Friday, March 15, 2013



THE British Museum will stage two unique live broadcasts to movie audiences across Britain and Ireland with a special offer to school groups as part of the museum's historic LIFE AND DEATH - POMPEII AND HERCULANEUM exhibition, which opens March 28 and runs until September 29.

Introduced by British Museum director Neil MacGregor, this unique live broadcast event will take cinema audiences round the exhibition.

Using renowned experts and live performance – music, poetry and eye-witness accounts – the production will bring to life extraordinary objects, some never seen outside Italy before.

Interviews throughout the exhibition will be intercut with stunning specially recorded films in Italy, showing Pompeii and Herculaneum and the sleeping Vesuvius.

This exhibition is the first ever held on these important cities at the British Museum, and the first such major exhibition in London for almost 40 years.

The exhibition has a unique focus, looking at the Roman home and lives of the people who lived nearly 2000 years ago in Pompeii and Herculaneum, both typical Roman towns at the heart of the empire.

The live event will take visitors along a Roman street and into a local house with atrium entrance, bedroom, kitchen, dining room, sitting room and garden.

We will be taken close up to the famous casts of the people caught in the volcanic heat as well as the objects from their daily lives.

Examples include intricate pieces of jewellery, sculpture, mosaics, cooking equipment and even food including an intact loaf of bread with the baker's stamp still on it.

Also on display will be wooden furniture carbonized by the high temperatures of the ash that engulfed Herculaneum which are extremely rare finds that would not have survived at Pompeii – showing the importance of combining evidence from the two cities.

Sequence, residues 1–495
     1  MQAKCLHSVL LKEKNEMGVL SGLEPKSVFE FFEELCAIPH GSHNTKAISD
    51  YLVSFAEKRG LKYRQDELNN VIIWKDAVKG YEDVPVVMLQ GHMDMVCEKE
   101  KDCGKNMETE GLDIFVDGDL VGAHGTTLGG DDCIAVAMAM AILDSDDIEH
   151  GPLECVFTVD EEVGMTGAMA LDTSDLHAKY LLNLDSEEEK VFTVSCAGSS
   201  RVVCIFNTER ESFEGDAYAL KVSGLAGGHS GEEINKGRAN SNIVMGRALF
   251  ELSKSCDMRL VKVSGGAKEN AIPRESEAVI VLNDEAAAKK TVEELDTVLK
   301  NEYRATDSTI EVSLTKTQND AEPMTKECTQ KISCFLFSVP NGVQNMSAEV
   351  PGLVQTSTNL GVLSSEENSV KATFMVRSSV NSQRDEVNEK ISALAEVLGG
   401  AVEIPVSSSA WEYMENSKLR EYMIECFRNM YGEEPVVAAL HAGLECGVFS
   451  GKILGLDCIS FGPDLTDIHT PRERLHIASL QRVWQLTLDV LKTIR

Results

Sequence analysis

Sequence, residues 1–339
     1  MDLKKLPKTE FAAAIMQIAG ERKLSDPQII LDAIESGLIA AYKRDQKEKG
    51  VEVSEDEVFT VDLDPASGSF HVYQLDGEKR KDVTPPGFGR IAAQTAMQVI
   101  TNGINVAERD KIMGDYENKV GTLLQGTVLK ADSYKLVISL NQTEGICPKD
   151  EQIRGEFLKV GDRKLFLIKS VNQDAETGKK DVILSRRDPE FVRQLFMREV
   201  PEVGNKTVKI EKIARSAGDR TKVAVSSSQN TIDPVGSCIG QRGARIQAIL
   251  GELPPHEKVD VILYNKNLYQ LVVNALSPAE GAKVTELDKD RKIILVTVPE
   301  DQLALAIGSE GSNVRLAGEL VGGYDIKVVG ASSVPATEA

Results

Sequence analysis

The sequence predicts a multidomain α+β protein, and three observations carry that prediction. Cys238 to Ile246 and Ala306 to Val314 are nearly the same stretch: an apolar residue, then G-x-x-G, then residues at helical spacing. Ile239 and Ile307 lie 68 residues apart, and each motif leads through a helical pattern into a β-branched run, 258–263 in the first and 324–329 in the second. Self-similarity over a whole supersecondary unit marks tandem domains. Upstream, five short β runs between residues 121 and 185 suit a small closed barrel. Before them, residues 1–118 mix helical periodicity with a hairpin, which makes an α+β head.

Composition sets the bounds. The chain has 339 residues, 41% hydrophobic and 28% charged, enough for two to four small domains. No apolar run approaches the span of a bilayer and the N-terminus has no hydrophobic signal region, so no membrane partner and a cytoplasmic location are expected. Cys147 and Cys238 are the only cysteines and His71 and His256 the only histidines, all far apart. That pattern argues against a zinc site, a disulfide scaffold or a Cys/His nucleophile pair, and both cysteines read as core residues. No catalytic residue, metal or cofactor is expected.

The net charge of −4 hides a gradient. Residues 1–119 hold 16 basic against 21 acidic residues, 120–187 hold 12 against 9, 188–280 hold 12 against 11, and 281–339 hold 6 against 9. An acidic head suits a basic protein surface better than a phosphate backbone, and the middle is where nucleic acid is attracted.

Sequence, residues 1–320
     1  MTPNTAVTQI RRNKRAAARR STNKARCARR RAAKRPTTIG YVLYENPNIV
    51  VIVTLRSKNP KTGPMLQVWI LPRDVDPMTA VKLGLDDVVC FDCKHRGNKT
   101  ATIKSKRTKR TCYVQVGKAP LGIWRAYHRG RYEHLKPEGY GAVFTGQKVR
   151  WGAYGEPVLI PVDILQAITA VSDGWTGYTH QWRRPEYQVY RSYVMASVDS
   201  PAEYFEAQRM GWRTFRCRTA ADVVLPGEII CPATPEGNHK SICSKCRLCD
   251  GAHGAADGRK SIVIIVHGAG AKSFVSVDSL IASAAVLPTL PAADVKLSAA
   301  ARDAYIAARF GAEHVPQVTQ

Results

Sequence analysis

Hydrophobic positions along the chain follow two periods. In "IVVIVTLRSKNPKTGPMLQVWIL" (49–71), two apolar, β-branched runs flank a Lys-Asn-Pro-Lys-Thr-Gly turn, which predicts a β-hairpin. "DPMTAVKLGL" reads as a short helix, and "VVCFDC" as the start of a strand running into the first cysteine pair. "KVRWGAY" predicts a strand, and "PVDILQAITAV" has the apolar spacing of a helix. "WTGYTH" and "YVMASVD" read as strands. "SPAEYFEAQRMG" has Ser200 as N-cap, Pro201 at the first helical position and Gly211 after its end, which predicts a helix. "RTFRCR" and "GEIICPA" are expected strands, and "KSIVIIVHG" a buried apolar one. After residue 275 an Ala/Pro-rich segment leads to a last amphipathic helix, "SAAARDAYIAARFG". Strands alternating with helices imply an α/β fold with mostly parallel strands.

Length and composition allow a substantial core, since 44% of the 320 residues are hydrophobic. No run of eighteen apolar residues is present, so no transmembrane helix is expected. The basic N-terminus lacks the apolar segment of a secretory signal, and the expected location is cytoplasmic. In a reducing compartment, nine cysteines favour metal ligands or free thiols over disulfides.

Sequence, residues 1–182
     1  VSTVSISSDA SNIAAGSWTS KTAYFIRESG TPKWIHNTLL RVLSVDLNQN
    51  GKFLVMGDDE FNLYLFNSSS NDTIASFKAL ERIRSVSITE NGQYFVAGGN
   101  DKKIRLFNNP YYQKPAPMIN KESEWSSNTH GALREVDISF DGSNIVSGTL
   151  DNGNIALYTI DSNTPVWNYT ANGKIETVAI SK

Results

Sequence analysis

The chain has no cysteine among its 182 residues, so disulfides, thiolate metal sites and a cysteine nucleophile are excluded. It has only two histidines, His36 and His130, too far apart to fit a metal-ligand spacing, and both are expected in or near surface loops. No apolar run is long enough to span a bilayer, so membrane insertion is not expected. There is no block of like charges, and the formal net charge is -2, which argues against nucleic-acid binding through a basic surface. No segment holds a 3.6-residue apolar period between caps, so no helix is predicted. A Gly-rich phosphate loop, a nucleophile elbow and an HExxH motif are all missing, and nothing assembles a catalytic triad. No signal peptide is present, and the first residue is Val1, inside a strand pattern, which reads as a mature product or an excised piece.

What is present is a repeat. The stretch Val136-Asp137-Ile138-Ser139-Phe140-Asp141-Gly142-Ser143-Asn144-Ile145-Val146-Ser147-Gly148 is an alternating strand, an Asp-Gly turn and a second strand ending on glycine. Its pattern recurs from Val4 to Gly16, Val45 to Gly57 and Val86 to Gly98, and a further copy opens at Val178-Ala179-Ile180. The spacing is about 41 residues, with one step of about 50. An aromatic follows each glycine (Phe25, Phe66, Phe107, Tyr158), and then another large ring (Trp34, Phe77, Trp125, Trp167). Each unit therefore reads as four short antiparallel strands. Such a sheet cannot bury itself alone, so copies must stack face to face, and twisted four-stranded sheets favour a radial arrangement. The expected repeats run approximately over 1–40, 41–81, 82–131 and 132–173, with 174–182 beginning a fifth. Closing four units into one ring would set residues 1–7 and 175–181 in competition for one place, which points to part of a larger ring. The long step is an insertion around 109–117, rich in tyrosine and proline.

The furniture includes a linen chest, an inlaid stool and even a garden bench. Perhaps the most astonishing and moving piece is a baby's crib.

Neil MacGregor said “Following the success of live cinema broadcasts of theatre, opera and ballet, the British Museum is thrilled to be the first museum to broadcast a live exhibition event.

"This is a unique experience for audiences across the country to enjoy a very special evening view of this unmissable exhibition, full of fascinating objects lent to us from Italy, from the comfort of a cinema chair.

"It will be a very personal tour guided by experts who will explore the stories these special objects tell us of Roman life 2000 years ago. We hope this will inspire people to travel to come and see the exhibition at the British Museum”.

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